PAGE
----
Reid Thinks Biden Should End Senate Filibuster After 3 Weeks
WASHINGTON (AP) — Former Senate leader Harry Reid says if Democrats win the presidency and the Senate, Joe Biden should take “no more than three weeks” to test bipartisanship before ending the filibuster so Democrats can overcome what they call Republican obstruction and pass bills.
The retired Nevada Democrat told The Associated Press in an interview that he understands Biden wants to work with Republicans, as the former vice president and Delaware senator has in the past. But Reid said there is just too much that needs to be done in the country to wait around trying to reach agreements under the decades-old Senate practice of requiring 60 votes to advance legislation.
“Biden — who wants always to get along with people — I understand that,” Reid said by telephone from Nevada.
“We should give the Republicans a little bit of time, to see if they’re going to work with him,” he said. “But the time’s going to come when he’s going to have to move in and get rid of the filibuster.”
Asked how long Biden should wait it out before changing the rules, Reid said: “No more than three weeks.”
The 80-year-old Reid, who retired in 2017, has been among the most high-level political voices in favor of ending the 60-vote threshold for legislation. Critics of the filibuster argue it has outlived its purpose in the partisan era and only serves to grind business to a halt.
From afar, the onetime majority leader has made his views known before but rarely has he suggested a deadline for action. It is both a warning sign and road map for senators contemplating a 2021 agenda with a potentially new power dynamic in Washington after the election.
The 100-member Senate, where Republicans now hold a 53-47 edge, is expected to remain narrowly divided after the Nov. 3 election, regardless of which party wins control, making the 60-vote tally tough to reach.
Reid said if Biden thinks he can cut bipartisan deals with Senate Majority Leader Mitch McConnell of Kentucky, the GOP leader, as they did in earlier years, “more power to him.”
But Reid warned that he knows McConnell better than any other Democratic and “Joe ought to be very careful.”
This is well-traveled terrain for the long-serving former senator, who helped sparked today’s procedural battles by partially ending the filibuster when Democrats had the majority. The rules change that Reid engineered allowed Democrats to confirm President Barack Obama’s administrative and most federal judicial nominees despite Republicans roadblocks.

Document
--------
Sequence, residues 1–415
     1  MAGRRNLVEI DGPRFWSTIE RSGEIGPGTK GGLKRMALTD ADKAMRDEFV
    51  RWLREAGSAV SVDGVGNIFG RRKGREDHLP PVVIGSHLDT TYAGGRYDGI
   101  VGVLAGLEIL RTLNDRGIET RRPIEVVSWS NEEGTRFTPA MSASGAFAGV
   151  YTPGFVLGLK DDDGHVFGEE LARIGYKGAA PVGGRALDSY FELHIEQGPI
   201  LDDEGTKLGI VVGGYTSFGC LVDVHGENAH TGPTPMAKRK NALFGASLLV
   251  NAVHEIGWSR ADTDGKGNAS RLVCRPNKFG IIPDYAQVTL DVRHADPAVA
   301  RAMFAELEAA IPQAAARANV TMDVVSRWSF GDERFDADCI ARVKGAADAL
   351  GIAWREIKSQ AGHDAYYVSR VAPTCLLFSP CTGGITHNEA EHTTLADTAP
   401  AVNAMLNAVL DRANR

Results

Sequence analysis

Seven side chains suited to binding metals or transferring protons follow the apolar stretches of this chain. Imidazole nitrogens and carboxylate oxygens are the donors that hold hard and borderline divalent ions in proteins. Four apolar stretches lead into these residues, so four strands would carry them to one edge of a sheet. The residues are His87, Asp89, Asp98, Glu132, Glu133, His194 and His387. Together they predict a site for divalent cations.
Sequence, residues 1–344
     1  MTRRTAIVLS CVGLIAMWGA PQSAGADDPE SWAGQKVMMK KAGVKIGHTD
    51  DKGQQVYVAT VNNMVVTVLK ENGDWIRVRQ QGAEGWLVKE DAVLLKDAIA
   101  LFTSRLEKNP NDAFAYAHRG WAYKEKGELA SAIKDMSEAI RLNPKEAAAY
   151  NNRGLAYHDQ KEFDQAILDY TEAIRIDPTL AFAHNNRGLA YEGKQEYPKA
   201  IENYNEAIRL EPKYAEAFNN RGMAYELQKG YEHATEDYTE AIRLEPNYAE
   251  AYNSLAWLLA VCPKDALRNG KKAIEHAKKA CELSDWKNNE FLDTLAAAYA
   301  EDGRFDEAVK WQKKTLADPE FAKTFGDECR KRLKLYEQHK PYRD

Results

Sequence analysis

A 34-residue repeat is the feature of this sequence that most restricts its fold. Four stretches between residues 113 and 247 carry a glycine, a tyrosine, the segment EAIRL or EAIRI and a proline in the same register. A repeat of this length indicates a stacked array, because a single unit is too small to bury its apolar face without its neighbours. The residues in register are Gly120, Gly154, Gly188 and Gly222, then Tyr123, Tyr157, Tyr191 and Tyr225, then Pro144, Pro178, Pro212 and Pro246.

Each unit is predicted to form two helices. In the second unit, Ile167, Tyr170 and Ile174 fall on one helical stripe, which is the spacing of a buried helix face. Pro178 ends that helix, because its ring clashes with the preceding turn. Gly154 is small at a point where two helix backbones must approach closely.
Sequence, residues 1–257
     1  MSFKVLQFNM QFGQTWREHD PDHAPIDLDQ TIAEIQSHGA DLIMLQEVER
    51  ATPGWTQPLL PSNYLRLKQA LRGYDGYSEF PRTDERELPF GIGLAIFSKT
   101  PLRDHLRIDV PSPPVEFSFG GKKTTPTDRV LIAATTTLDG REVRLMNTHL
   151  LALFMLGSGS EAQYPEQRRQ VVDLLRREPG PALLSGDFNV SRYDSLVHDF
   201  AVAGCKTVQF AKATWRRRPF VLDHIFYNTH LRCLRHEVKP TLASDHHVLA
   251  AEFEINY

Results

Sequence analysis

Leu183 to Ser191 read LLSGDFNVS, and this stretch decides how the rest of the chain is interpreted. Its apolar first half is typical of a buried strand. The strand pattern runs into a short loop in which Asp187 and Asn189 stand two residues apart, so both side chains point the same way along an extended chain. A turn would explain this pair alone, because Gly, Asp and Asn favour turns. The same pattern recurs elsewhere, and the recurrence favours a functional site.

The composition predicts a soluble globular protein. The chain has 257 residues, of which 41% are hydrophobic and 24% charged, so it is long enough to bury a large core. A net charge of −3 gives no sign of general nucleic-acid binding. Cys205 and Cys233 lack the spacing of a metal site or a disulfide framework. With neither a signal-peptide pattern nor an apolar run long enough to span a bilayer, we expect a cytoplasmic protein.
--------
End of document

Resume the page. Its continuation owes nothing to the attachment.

When Republicans took control, McConnell pushed it to the next level with President Donald Trump, eliminating the filibuster for Supreme Court picks — a daring move that stunned Washington. McConnell’s critics say he is breaking the Senate, but Trump has been able to seat two Supreme Court justices on majority-only votes, and the Senate is poised to confirm a third, Amy Coney Barrett, on Monday.
The filibuster has been in place since the early 20th century, but is absent from the Constitution. Its supporters say it keeps the Senate from becoming just another version of the House, with majority rule. The higher vote threshold forces the parties to slow down and find bipartisan compromise.
But critics say the filibuster has become a recipe for legislative paralysis, empowering a minority of senators to thwart popular public opinion. They note it has been used to stall some of the nation’s most landmark laws, notably civil rights legislation.
Obama has since joined the effort for change. During the funeral this year for Rep. John Lewis, a civil rights leader, Obama announced his support for ending the filibuster, calling it a Jim Crow-era relic that was used to stall voting advances for Black people.
“That’s true,” said Reid, who was majority leader during Obama’s first term and helped pass the Affordable Care Act and other landmark legislation. “Once he did that, of course I let him know I appreciated it.”
Reid’s influence continues to be felt across Democratic political landscape, in ways large and small. He talks often to Biden and regularly keeps in touch with others, including Senate Democratic leader Chuck Schumer of New York— and even some Republicans.
Reid suggests that Democrats are unwilling to sit by and allow Republicans to potentially block their agenda.
“We want to get something done,” he said, mentioning climate change and renewable energy investment as an example. “There’s so much more to do and we can’t do it if it takes 60 votes to get it done.”
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